If you’ve been watching what you eat all year and trying to get - or stay - in shape, you may be worried that your summer vacation will undo all the good you’ve been doing your body all year.

To an extent, that concern is justified. A margarita every night on the beach or a week of restaurant meals can quickly add up to equal those 5 pounds you managed to shed this spring. But taking a break from the stress of everyday life shouldn’t mean taking a break from a healthy lifestyle.

To get some tips on how to eat healthfully while on vacation and navigate the perils of an airport food court, we turned to Jamie Mascari, a registered dietitian in Baton Rouge with expertise in fitness and nutrition:

What are the best ways to manage your weight while on vacation?

Planning ahead is essential. Research the airport food courts, dining locations for your road trip stops, hotel menu and restaurants in the vicinity of your destination. Make a list of the eateries that have a variety of nutritious, low-calorie options and keep it on hand with you during your trip.

Also, make time to work out. It may be the last thing you want to do on vacation, but there are fun ways to stay active while traveling. Consider signing up for a walking tour, bike ride or mountain hike. You’ll burn some calories while experiencing the city/country in which you are staying. The hotel fitness room is also a good option and a great place to meet locals and other tourists who can give you helpful tips about the area.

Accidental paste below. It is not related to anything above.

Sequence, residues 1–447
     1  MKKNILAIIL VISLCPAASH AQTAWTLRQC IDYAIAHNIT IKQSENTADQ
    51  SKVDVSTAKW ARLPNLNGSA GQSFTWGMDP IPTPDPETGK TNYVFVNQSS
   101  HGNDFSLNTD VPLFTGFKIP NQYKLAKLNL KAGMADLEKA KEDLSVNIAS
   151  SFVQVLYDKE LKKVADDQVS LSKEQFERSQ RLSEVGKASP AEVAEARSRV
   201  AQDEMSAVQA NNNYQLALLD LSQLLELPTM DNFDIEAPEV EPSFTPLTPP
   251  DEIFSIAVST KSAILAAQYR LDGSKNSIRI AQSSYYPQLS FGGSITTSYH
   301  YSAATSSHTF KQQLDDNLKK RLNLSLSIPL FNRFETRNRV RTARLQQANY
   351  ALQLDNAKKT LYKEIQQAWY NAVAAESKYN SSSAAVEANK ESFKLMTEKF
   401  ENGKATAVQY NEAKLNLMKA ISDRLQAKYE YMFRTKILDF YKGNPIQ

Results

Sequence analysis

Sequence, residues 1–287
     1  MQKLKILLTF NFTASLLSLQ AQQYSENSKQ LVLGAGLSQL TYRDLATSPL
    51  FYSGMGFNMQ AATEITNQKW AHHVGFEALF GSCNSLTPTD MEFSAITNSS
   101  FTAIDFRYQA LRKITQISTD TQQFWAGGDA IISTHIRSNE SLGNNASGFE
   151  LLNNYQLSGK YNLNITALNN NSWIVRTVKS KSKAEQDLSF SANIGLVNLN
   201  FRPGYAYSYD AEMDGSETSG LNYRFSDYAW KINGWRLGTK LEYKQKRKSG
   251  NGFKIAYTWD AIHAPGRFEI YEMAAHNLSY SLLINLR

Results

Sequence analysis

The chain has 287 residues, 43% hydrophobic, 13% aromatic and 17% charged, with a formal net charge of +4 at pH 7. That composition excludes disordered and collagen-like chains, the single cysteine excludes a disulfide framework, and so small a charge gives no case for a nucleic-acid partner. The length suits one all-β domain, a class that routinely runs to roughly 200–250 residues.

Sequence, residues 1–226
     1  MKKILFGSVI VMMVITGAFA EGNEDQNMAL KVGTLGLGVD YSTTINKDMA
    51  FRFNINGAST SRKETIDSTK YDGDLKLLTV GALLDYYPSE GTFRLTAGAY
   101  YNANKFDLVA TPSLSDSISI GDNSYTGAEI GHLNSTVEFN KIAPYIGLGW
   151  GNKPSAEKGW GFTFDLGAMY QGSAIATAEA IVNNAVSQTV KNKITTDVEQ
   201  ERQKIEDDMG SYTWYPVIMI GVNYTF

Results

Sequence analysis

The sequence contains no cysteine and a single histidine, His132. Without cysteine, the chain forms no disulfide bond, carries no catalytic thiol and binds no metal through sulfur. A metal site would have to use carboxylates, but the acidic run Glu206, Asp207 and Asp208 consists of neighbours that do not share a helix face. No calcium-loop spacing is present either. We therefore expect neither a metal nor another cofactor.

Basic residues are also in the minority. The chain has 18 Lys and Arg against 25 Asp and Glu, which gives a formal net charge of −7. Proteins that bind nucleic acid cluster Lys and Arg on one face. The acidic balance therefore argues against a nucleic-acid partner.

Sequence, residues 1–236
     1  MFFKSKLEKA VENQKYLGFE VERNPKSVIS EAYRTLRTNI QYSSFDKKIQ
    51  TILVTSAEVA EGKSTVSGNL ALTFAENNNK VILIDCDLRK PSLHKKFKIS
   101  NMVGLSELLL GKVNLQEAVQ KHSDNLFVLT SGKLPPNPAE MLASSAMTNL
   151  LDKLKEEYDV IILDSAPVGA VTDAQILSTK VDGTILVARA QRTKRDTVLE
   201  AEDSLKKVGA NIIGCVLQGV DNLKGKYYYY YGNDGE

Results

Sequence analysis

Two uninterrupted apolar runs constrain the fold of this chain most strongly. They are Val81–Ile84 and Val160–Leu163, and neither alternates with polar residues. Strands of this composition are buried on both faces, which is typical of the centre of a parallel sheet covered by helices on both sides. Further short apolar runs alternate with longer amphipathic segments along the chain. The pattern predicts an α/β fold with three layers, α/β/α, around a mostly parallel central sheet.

What’s the biggest obstacle to healthful eating on vacation?

Overindulgence. You don’t have to pass up local dishes, delectable desserts or tasty cocktails, by the way. The problem occurs when vacationers consume high-calorie, high-fat, high-sugar items at every meal. It’s all about balance! Try incorporating lower-calorie, nutritious meals and snacks throughout the day if you plan on having a bigger dinner that night. And most importantly, don’t skip any meals. Going more than five hours without a meal or snack can lead to overindulging at the next meal.

What should you eat when you’re in an airport or on the road and the options are pretty much limited to overpriced junk food?

This is where planning ahead comes into play again. If possible, pack some wholesome, on-the-go snacks in your purse or carry-on bag. Examples include high fiber granola bars, apples, bananas, peanut butter and jelly on whole-wheat bread, baby carrots and celery sticks in a plastic baggie, and trail mix.

Pack water bottles for road trips to stay hydrated. If you are going through an airport, bring an empty water bottle to get you through security and then fill it up at a water fountain. Having your own snacks on hand will not just save you money, but it will also save you time and calories.

If you prefer not to carry food with you, look back at the dining list you prepared or walk around the airport or convenience store to survey the choices available.

Steer clear of greasy pizzas, candy stores and pastry shops. Go for foods such as low-fat yogurt, fresh fruit smoothies, high-fiber cereal or granola bars, a deli sandwich on whole-wheat bread or tortilla, or a grilled chicken salad.

In the next Food for Fitness column, Mascari will share her six tips on successfully navigating a restaurant menu. For more information, contact Mascari at (504) 874-1001 or at jamiemascari@gmail.com.